In the Roseau anchorage we also met our friends and the crew of S/Y Swede Dreams, Lola, Carlos, Luna and Paco. They looked to be in good shape and were actively looking to buy a bit of rain forest land, potentially for settling down as a family in this tropical paradise. We wish them all luck, maybe, once we have explored a bit more of this planet, we will do likewise and become landowners in some remote paradise…
We have now spent a month in the “Windward Islands”, called that because the Englishmen had to tack to get to these islands, from their other colonies in the West India. What is so fascinating is that all islands are different and many of them are different countries as well (cost us a lot of different courtesy flags (smile)). Many are dry, but we found Martinique and Grenada rater green, Tobago Cays, Mayreay, Bequia drier. Now, in March/April, the spring is coming so many of the trees that have ben leafless will now bloom and become green.
Going north from Grenada we sailed to Carriacou and Tyrrel Bay for checking out of Grenada. We only stopped here for a night and went on to Union Islands the day after. This was the first Island, for us, where we had no shelter from the wind and a reef taking care of the waves. We checked in at the small airport in Clifton, strolled through the “main street”, bought some very expensive vegetables, and enjoyed the view. Some Rastafarians were seen carrying their hair in the typical colourful caps. We especially enjoyed the dingy parking, which was fantastic, through an arch in the wall you came in to a basin made especially for dinghies.
Since our main focus was snorkeling in Tobago Cays, we moved next day, got a place anchored at 10 m depth and really enjoyed ourselves for the next 3 days. We saw a lot of reef fishes, new to us, many Turtles and Rays and on land quite a few Iguanas. We saw a few big fishes that we later understood were Porcupine fish (a fish that when scared blows itself up to a larger size, with or without pigs). The corrals to the east were badly hurt from storms. Now that the whole area is a nature reserve the corals are slowly starting to come back,. We enjoyed the islands so much that we went back later when we had my sister and brother in law on board. With them we also checked out the barbecue facilities. Very well managed with pick/up on the boat, lobster barbecue and taxi boat back in the evening.
At the second stop we also visited Mayreau, a small island with two anchorages, colorful houses and very few tourists . Staying in Salina bay, we celebrated Eastern and took walks in the neighborhood, as well as some very good snorkeling. Crystal clear water. The resident Turtle looked curiously at us.
By foot we also visited the Salt Whistle Bay, but found it more crowded and with more charter boats, than Salina Bay. The small street between the two bays was covered with very simple but cosy restaurants and bars. Hopefully the charter ships anchoring in the weeks, can fill them all.
One of the nice features with sailing in the Caribbean is the closeness between the islands. Our next stop, Bequia, was only approx.. 20 nm away. We anchored in Admirality Bay (one of the biggest natural anchorages we have been into), both on our way going north to pick up my relatives in Martinique and south on our way down to Tobago Cays with them. We tested both the northern side of the bay and the southeast side. Both OK, maybe a bit more swell on the eastern side. The village is nice, not very big, with colorful houses climbing the steep slopes, checking in and out is OK and the snorkeling and swimming is lovely, in clear water. The people are also colorful, with some men wearing the typical Rasta hat. We found some nice restaurants and enjoyed ourselves. Eva also managed to exchange some books in the “Fig Tree” restaurant. Bequia is rather dry and expensive due to almost all goods being imported, eg a medium sized Pineapple costs 8 or 9 Euro. A passenger ship or two were anchoring in the bay, but most of them left at sunset, rushing off to the next island. Compared to Martinique it seems that most inhabitants are previous slaves, where Martinique has more Europeans from France, as it is part of the French government.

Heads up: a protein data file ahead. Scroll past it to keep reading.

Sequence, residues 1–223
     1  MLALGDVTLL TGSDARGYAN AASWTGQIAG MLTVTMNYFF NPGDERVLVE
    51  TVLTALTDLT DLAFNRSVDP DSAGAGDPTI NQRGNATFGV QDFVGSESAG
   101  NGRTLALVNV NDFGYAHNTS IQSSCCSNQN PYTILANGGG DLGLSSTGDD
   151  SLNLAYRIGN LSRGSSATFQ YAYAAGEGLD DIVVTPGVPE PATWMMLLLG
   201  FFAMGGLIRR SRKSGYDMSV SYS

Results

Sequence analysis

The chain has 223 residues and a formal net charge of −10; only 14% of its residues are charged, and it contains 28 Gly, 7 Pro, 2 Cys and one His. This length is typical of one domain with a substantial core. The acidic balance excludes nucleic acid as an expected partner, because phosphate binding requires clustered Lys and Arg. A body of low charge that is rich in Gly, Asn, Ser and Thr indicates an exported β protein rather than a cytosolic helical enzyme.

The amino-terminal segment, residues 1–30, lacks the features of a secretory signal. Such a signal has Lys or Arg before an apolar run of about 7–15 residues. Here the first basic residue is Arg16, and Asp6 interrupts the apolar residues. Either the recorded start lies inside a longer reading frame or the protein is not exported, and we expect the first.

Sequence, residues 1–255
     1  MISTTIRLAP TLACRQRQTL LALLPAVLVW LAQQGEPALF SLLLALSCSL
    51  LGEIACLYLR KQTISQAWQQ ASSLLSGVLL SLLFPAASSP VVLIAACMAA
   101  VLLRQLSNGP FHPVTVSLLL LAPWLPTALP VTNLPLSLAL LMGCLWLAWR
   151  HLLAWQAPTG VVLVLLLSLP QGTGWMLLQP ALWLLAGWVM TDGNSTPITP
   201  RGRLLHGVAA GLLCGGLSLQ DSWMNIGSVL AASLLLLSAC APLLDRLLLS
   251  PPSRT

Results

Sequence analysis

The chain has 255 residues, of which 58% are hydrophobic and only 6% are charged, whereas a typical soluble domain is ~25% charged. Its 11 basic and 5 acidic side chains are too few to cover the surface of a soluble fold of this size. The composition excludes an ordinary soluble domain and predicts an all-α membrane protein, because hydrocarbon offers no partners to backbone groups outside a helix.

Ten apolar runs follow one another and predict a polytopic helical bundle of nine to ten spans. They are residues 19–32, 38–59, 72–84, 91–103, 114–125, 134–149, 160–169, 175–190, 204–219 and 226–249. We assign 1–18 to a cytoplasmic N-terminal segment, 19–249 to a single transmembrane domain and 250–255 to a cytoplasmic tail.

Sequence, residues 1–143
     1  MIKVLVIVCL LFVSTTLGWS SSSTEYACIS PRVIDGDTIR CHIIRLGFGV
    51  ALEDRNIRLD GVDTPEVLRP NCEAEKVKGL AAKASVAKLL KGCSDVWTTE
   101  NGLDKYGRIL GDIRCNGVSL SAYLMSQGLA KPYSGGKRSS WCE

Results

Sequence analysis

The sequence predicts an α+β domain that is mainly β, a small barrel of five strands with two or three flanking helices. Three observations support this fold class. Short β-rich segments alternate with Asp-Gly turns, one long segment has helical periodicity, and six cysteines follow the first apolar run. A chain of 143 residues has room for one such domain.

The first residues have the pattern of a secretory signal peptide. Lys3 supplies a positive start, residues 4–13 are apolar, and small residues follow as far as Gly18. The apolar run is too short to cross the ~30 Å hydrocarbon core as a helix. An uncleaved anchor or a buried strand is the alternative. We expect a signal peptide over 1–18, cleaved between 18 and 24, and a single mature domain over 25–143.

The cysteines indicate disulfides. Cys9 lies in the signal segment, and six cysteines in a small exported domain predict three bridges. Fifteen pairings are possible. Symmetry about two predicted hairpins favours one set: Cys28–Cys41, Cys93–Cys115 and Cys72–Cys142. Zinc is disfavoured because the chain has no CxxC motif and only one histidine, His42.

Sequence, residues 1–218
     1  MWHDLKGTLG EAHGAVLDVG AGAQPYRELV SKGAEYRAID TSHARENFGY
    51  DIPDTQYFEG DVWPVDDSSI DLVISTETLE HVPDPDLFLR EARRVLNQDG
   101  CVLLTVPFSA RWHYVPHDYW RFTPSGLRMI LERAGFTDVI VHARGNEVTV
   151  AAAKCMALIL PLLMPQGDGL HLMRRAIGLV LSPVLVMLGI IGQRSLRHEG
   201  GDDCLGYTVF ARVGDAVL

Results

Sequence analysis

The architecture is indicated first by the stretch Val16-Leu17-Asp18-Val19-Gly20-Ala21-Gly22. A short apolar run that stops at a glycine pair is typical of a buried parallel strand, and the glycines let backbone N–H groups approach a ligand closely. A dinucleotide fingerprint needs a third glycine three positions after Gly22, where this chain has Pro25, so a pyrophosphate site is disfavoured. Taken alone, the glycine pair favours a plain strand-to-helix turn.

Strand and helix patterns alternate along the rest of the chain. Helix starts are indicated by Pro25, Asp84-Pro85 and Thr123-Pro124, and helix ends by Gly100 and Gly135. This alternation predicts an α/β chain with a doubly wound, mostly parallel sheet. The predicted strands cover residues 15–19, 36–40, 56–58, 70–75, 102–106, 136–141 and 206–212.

We checked out from the Grenadines at Bequia and, due to recent violence, skipped St Vincent. Having to deliver our relatives in time, we also skipped St Lucia (will go there on our way back south) and went directly to Martinique, Anse Mitan. Good shelter and good holding. It turned out to be a very nice village filled with shops, restaurants and people. We feel we need the mixture of nature and civilization. We stayed there for the last days in March, did some shopping and waved good bye to my sister and husband. It has been very pleasant having them onboard. (Don’t know where we see each other again, but we are already longing for that.)
In Martinique we have tried a couple of different harbors
- Le Marin. A big yacht harbor and anchorage with maybe 1000 ships all sizes and shapes. The village is small with plenty of chandlers, supermarkets and restaurants
- St Anne. An anchorage outside Le Marin with plenty of space and clear water
- St Pierre. A small village on the west coast further to the north. We stayed for three nights enjoying the scenic views of the volcano, Mt Pelee. The volcano had an outbreak that devastated the village 1902. 30.000 people died due to fume and ashes. Today only 4.000 people live in the village and you still see ruins from the old time when St. Pierre was the commercial center of Martinique.